Thursday, October 2, 2014

Human Rights Poetry and the Writing of Disaster

With the grand jury decision not to indict the officers who shot and killed John Crawford, a 22-yr-old black man, in a Beavercreek, Ohio, Wal-mart (only four days before another young Black man, Michael Brown, was killed in Ferguson, Missouri), I can’t help but to gesture toward the way that the global reparative logic of human rights discourse—which I hope to say a few things about in terms of the archive, the intertext, and disaster—is informed by the capacity, as Umut Özsu points out in his also-recent discussion of the newly erected Canadian Museum for Human Rights in Winnipeg, to “nearly always ignore” socio-economic conditions and racialized state violence. Although this distinction between the civil/political and social/economic is often seen as a split within human rights discourse, Özsu argues that every instance of civil or political violation implies a racialized socio-economic violence that cannot be realized in the discourse.

Rashad Robinson, executive director of Color of Change, on John Crawford: “And the fact of the matter is, that the video not being released, the political apparatus in Ohio had weeks to criminalize John Crawford in death, the same way that Michael Brown was criminalized in death.” Although the shooting took place on August 5, in response to a now-altered 911 call reporting that Crawford was pointing a gun at customers (it was a BB gun from the store shelves in an open-carry state, and was never pointed at other customers), the Wal-mart surveillance video footage showing the shooting was only released this past Wednesday. And even though the special prosecutor identified Crawford as a “victim,” who did nothing wrong (he not facing the officers when they shot him and did not have time to react), as Robinson points out, in these weeks he was criminalized. It’s not that Crawford has been slandered or dehumanized in this period, even if he has been, that constitutes his criminalization; rather, his death is criminalized to the extent that his death was not made available to witness. The belated identification of Crawford as a victim, then, assures that the disaster, the injustice of his death would not be experienced on the streets, in public.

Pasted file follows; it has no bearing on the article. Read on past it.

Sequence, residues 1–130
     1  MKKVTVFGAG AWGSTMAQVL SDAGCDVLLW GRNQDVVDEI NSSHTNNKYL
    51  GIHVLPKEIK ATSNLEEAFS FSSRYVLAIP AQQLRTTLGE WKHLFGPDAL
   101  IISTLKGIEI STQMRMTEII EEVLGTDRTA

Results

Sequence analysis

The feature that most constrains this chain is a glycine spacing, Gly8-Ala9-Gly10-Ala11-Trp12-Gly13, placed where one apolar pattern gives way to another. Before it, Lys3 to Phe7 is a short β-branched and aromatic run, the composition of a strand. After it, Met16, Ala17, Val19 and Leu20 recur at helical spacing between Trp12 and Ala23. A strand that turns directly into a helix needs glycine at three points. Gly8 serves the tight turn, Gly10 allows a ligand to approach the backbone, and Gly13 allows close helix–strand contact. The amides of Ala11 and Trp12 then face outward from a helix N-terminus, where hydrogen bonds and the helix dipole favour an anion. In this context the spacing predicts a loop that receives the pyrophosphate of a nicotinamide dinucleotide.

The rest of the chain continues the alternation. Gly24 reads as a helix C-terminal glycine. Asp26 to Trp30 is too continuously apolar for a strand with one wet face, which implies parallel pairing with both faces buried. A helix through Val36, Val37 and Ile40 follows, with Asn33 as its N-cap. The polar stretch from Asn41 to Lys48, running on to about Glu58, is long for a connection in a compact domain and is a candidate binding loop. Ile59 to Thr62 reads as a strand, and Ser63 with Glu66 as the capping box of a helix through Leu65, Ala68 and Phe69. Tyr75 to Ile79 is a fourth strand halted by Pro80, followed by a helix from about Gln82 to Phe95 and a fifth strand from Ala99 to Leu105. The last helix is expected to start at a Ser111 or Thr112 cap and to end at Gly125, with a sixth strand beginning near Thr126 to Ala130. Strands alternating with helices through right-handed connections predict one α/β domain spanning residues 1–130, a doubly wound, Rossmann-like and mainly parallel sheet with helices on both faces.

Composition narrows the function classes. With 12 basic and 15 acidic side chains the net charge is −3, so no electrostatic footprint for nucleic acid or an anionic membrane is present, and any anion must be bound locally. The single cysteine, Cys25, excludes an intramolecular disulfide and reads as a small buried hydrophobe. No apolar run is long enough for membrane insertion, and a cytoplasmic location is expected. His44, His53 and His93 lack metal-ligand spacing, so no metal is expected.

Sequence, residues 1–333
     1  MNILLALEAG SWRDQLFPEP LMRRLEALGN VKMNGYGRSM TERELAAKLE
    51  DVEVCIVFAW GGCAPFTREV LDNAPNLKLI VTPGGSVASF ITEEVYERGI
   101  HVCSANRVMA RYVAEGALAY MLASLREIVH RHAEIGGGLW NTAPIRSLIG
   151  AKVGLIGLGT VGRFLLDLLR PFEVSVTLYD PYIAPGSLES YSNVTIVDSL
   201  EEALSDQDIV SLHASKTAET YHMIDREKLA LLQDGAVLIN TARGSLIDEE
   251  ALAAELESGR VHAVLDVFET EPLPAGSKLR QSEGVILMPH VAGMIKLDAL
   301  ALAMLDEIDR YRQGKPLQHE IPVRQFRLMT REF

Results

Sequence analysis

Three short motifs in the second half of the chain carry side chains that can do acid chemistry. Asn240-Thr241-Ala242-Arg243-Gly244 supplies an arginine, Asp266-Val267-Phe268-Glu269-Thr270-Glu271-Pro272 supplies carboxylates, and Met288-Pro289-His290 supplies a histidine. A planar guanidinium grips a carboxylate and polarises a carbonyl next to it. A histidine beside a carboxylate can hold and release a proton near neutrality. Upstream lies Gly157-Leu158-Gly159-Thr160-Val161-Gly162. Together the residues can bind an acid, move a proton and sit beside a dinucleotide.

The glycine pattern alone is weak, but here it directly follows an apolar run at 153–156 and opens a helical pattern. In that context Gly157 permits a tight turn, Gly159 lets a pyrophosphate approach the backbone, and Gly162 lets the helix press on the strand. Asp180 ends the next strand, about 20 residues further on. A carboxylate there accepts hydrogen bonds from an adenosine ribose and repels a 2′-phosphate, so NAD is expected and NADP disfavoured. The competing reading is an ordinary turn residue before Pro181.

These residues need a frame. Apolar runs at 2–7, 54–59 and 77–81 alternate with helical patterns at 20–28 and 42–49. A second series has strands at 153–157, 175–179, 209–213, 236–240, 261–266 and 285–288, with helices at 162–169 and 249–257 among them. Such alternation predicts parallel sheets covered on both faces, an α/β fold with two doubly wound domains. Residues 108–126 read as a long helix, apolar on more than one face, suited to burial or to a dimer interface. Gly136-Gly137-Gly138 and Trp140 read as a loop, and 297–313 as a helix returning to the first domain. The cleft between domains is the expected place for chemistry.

A critical discussion of human rights discourse turns on this question: How is it possible to have a victim but no crime? And yet we see time and again in cases of human rights abuses that the association of a victim and a crime misses the way that the disaster unfolds per “neoliberal measures of inclusive democracy” that follow a global mandate based on reparation. In Beavercreek Ohio, this occlusion is glaringly apparent in the multilateral operations that ensured that between the corporation of Wal-mart, the attorney general of Ohio, Greene County, and Beavercreek police, a closed circle of mutual protection functioned to prevent witnessing Crawford’s death as a disaster, a product of socio-economic conditions and racialized state violence.

“Since the disaster always takes place after having taken place,” writes Blanchot, “there cannot possibly be any experience of it” (28). Blanchot casts disaster as something that has always happened, which we have yet to have experienced. That this happens without our experience of it is the disaster. We might reformulate this: the (human rights) disaster takes place, then human rights (the disaster) takes place. Further, human rights takes away the possibility of experiencing socio-economic conditions of the disaster once the human rights disaster has taken place. In concrete instances, such as the case of John Crawford described above, the injustice is the disaster. The lag time pointed out by Robinson, the time between the death of John Crawford and this second death (statement from the family following the grand jury decision: “the family feels it has been victimized all over again”), highlights the way that justice has the first word, though it (or its lack) comes after.